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Database Normalization And Design Techniques


What is database normalization and how does it apply to us? In this article Barry teaches us the best way to structure our database for typical situations.

Author Info:
By: Barry Wise
Rating: 5 stars5 stars5 stars5 stars5 stars / 57
January 09, 2003
TABLE OF CONTENTS:
  1. · Database Normalization And Design Techniques
  2. · Zero Form
  3. · Second Form
  4. · Data Relationships
  5. · Fourth Normal Form
  6. · Conclusion

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Database Normalization And Design Techniques - Second Form
(Page 3 of 6 )

  1. Create separate tables for sets of values that apply to multiple records.
  2. Relate these tables with a foreign key.

We break the url values into a separate table so we can add more in the future without having to duplicate data.

We'll also want to use our primary key value to relate these fields:

users
userIdnamecompanycompany_address
1JoeABC1 Work Lane
2JillXYZ1 Job Street

urls
urlIdrelUserIdurl
11abc.com
21xyz.com
32abc.com
42xyz.com

Ok, we've created separate tables and the primary key in the users table, userId, is now related to the foreign key in the urls table, relUserId. We're in much better shape.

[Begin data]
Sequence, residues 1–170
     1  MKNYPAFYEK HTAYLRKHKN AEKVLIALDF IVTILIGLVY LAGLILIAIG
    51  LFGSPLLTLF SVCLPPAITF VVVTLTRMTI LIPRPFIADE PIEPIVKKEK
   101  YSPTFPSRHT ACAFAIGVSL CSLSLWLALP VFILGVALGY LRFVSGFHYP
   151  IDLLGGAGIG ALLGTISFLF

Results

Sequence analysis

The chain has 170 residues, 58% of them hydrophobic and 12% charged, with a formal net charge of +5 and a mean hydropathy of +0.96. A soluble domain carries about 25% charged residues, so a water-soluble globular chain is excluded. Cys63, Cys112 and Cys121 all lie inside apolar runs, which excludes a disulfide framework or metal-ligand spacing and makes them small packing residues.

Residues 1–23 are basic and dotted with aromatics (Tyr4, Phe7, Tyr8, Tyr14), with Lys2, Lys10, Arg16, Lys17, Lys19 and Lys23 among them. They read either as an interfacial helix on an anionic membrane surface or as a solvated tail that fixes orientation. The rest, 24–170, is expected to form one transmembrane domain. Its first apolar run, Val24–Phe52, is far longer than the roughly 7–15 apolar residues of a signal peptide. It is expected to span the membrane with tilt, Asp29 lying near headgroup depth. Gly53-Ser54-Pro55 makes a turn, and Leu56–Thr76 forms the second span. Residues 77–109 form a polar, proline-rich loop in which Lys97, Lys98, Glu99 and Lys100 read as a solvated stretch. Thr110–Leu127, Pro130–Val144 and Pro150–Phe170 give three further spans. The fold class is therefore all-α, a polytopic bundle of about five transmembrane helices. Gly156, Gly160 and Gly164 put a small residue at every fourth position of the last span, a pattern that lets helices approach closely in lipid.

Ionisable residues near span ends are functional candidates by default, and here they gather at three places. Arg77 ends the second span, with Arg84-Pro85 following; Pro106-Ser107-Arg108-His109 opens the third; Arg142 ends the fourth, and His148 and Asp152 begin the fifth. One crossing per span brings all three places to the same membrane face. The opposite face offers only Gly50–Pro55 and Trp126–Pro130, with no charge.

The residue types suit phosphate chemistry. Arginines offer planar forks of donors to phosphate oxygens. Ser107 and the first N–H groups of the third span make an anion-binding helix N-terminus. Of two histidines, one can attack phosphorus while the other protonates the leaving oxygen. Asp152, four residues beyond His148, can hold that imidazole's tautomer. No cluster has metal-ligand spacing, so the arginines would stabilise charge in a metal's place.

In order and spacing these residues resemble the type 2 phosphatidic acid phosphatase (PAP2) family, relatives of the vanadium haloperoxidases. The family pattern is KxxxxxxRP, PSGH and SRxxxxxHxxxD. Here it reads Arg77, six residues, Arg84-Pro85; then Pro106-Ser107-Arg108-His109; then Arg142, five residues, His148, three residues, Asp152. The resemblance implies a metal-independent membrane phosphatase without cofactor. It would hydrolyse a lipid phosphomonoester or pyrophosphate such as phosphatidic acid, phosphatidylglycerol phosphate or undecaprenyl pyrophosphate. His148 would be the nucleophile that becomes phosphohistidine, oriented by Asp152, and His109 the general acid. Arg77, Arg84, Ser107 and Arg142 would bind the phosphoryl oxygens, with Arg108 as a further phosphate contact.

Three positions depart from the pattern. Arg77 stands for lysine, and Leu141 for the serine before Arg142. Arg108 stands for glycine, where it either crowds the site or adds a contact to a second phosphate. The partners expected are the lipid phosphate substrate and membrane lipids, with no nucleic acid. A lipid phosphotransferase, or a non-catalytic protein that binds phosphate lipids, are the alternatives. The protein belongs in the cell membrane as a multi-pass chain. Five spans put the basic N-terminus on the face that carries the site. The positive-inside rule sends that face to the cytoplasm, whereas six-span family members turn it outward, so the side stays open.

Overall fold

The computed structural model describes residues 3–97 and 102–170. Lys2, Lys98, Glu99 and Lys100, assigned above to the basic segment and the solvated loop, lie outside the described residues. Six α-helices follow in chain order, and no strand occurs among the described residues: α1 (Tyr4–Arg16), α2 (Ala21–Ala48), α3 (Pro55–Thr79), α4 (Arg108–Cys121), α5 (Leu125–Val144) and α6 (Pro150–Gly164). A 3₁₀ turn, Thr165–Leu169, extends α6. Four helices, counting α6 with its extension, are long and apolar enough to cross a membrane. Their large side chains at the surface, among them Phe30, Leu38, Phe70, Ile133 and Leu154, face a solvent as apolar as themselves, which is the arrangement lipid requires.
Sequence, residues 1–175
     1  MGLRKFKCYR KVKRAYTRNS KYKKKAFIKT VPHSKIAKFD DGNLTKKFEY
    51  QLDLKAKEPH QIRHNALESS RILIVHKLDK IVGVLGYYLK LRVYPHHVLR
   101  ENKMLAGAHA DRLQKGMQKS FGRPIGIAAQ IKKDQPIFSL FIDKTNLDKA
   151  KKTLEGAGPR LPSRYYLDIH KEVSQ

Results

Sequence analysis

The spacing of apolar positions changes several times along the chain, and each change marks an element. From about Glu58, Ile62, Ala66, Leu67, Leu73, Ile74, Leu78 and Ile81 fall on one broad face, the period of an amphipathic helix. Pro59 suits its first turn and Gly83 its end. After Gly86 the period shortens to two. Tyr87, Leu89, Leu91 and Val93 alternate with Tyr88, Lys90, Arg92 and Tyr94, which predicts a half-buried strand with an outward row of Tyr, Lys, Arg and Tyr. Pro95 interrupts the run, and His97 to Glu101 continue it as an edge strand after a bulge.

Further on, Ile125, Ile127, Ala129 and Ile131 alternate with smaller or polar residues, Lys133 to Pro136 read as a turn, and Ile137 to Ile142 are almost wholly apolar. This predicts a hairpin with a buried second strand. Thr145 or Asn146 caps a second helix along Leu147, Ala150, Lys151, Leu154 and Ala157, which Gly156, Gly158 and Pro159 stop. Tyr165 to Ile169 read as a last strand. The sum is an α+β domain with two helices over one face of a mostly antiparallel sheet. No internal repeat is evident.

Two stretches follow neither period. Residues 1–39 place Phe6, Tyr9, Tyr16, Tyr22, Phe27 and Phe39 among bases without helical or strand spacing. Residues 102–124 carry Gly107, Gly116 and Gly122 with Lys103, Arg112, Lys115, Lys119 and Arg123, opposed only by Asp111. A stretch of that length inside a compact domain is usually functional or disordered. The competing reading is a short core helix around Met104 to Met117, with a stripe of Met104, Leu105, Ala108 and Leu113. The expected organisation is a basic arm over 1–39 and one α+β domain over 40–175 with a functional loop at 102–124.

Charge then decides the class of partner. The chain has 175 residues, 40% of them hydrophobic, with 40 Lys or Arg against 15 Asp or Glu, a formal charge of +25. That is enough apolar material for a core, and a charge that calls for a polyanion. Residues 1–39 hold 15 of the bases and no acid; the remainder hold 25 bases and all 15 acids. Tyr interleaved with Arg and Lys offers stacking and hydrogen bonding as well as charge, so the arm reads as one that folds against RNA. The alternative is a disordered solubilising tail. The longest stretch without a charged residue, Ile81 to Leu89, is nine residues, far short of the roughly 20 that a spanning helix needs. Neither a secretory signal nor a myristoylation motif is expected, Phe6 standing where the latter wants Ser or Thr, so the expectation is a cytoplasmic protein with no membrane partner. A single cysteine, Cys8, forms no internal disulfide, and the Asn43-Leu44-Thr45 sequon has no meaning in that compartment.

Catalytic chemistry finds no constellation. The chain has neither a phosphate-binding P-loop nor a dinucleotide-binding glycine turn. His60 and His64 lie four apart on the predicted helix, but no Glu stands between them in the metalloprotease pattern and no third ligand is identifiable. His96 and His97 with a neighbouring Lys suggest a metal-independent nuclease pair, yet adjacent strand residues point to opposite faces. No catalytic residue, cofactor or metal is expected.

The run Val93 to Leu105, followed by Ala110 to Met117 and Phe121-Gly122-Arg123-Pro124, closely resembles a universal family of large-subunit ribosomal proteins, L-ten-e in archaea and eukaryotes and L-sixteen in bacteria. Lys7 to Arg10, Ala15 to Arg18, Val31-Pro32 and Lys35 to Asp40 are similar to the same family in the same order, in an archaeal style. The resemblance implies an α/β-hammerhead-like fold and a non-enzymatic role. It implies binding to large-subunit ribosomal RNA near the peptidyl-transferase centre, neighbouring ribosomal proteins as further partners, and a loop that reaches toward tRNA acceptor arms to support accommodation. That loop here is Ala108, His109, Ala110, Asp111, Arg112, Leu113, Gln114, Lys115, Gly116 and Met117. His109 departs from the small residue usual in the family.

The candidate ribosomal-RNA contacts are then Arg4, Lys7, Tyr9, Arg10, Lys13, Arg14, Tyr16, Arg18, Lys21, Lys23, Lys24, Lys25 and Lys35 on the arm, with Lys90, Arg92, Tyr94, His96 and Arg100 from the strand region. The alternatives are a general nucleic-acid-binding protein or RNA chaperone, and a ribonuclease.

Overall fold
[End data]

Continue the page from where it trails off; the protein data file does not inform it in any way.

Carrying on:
But what happens when we want to add another employee of company ABC? Or 200 employees? Now we've got company names and addresses duplicating themselves all over the place, a situation just rife for introducing errors into our data. So we'll want to look at applying the Third Normal Form.

Third Normal Form

  1. Eliminate fields that do not depend on the key.

Our Company Name and Address have nothing to do with the User Id, so they should have their own Company Id:

users
userIdnamerelCompId
1Joe1
2Jill2

companies
compIdcompanycompany_address
1ABC1 Work Lane
2XYZ1 Job Street

urls
urlIdrelUserIdurl
11abc.com
21xyz.com
32abc.com
42xyz.com

Now we've got the primary key compId in the companies table related to the foreign key in the users table called relCompId, and we can add 200 users while still only inserting the name "ABC" once.

Our users and urls tables can grow as large as they want without unnecessary duplication or corruption of data.

Most developers will say the Third Normal Form is far enough, and our data schema could easily handle the load of an entire enterprise, and in most cases they would be correct.

But look at our url fields - do you notice the duplication of data? This is perfectly acceptable if we are not pre-defining these fields.

If the HTML input page which our users are filling out to input this data allows a free-form text input there's nothing we can do about this, and it's just a coincidence that Joe and Jill both input the same bookmarks.

But what if it's a drop-down menu which we know only allows those two urls, or maybe 20 or even more.

We can take our database schema to the next level, the Fourth Form, one which many developers overlook because it depends on a very specific type of relationship, the many-to-many relationship, which we have not yet encountered in our application.
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